Geospatial data are often personal, because they reflect the locations where individuals live, work, and travel. Collecting spatial data and creating and analyzing maps requires students to ask questions such as: Where did these map layers come from? Who created the data, and can I trust it? How does the scale of my analysis and the parameters I use for the buffer or intersect tools affect the results of my analysis? Do I have permission to use this photograph in my story map? Should I share the location of where I live or where I took my morning fitness run with the world on a map? Will I compromise the privacy of individuals who participate in my crowdsource map?
The recommendations for educators in the article have natural connections to GIS. The creation of required courses that focus on these issues, inviting guest speakers (who could be from the GIS community via the Geomentors program), and project-based learning activities (such as SpatiaLABS, the Learn GIS library, and GeoInquiries) are excellent starting points.
- Teaching with GIS is an important part of teaching about technology and its implications.
Life online involves hiccups, from momentary to long-term. “My students are suddenly having intermittent ArcGIS Online issues,” a teacher recently told me. “Maps that some people made and saved are suddenly inaccessible. Their screens are just blank, but mine is not.”
Many educators have hit issues in online mapping. Identifying and addressing these involves multiple strategies. Troubleshooting is a critical thinking skill, with value far beyond simple comfort with any particular technology. I have posted on GeoNet a Troubleshooting document that educators may want to download and keep handy for when things go awry.
The teacher and students above (11th graders from Roosevelt High School MSTMA in Los Angeles) had uncovered a bug in ArcGIS Online. Their unusual workflow led to dead ends in many maps when someone deleted a particular shared resource. Thanks to good documentation including a phone-shot video, technicians could isolate, replicate, and solve the problem. The next software release will not have this particular issue.
Most hiccup are not bugs. Troubleshooting is both science and art. Carefully iterating variables helps, but perception and situational awareness matter too. Educators and students alike need to practice troubleshooting, to solve what they can and be better prepared for the unexpected, whether it appears on a web page, walks in a door, or falls from the sky. This is what employers seek today — someone who can identify a problem, isolate it, clarify it, and come up with situationally appropriate strategies for coping.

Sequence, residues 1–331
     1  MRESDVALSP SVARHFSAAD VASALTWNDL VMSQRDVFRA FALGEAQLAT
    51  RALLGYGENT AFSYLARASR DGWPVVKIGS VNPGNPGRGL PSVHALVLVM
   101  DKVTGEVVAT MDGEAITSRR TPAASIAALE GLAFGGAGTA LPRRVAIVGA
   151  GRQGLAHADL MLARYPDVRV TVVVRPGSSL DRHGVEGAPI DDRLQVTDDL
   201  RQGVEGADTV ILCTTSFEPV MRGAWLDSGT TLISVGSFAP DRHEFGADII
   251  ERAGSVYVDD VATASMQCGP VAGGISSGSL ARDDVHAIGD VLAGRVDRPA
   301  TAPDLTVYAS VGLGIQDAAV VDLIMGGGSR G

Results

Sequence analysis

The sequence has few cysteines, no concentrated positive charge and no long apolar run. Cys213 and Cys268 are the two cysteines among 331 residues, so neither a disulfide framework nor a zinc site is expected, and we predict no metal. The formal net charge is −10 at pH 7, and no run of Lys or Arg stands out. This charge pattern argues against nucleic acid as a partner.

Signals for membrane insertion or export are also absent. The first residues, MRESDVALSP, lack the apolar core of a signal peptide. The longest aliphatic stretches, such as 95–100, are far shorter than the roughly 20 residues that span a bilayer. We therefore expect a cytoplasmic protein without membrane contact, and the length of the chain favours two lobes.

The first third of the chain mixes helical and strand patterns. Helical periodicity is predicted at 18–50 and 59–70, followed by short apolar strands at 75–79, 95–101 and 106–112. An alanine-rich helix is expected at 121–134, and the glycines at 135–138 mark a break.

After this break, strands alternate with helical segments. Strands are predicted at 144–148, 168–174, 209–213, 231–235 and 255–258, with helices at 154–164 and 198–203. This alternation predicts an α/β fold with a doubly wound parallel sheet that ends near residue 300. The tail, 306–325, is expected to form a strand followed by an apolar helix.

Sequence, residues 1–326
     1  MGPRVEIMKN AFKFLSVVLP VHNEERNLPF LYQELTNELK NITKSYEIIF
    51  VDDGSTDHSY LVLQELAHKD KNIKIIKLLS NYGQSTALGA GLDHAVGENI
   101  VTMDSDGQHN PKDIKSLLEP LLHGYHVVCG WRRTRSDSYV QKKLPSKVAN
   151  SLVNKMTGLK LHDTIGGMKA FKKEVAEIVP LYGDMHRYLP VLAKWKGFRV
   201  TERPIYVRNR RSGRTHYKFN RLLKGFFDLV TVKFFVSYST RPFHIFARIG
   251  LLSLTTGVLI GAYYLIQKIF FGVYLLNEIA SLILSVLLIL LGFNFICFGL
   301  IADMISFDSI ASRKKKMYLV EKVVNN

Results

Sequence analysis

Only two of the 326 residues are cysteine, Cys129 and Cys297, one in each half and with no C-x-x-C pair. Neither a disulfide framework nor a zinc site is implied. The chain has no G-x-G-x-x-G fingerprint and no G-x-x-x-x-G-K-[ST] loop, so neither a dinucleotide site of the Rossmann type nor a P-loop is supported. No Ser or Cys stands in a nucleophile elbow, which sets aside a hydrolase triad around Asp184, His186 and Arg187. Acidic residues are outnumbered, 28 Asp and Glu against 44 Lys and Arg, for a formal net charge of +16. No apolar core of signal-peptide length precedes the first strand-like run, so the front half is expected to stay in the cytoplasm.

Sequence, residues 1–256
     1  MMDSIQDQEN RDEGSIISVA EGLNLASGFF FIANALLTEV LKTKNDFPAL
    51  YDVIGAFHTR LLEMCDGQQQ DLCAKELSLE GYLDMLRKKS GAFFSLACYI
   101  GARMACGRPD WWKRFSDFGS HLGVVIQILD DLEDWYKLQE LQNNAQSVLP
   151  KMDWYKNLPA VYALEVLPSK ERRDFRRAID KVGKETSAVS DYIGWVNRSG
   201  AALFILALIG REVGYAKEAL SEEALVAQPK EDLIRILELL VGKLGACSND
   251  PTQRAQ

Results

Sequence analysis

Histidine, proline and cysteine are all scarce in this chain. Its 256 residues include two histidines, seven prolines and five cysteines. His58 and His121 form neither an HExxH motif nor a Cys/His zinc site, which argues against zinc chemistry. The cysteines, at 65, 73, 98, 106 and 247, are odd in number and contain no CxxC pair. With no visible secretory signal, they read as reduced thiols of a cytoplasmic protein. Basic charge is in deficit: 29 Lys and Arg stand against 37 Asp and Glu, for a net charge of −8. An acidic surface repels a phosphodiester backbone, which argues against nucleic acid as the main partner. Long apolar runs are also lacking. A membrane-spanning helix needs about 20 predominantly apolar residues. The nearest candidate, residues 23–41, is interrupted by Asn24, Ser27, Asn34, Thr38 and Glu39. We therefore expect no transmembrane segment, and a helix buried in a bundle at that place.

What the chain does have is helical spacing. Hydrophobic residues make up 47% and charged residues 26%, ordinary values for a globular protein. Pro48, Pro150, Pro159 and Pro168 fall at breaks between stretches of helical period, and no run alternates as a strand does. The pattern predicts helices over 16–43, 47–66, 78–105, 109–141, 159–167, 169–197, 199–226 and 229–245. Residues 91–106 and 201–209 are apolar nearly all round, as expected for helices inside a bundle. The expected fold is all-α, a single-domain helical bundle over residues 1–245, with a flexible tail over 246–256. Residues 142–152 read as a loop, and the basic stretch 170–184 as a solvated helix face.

Charlie Fitzpatrick, Esri Education Manager
The new e-book from Esri, STEM and GIS in Higher Education compiles 19 university case studies describing innovative ways faculty are incorporating GIS to advance STEM related activities in higher education. As a successor to the 2012 Advancing Stem Education with GIS this book explores how faculty, staff, and students are successfully using GIS to analyze and better understand data in their specific STEM fields. As a sequel, this book is designed to foster the expansion of spatial analysis throughout the sciences and engineering. The content highlights successful experiences that describe innovative approaches to the collection, analysis, and display of spatial data and the unique benefits of applying GIS methods. The nineteen chapters are assembled into three sections.
Section 1: Campus Support for Spreading GIS into STEM Disciplines
Demonstrate how major universities have established technical and academic infrastructure to support the use of GIS across campuses. These institutions represent models of “Spatial Universities” that have committed to the establishment of infrastructure to foster multidisciplinary spatially oriented learning and research. The examples provide a glimpse of how these organizations are serving as catalysts to stimulate interdisciplinary collaboration. Specific examples demonstrate new approaches to data sharing through enhanced library functions, highlight new ways to utilize cloud based servers for realistic technical training, and preview cutting edge geodesign applications. They also illustrate ways to incorporate GIS to support campus facilities and foster interaction with local communities.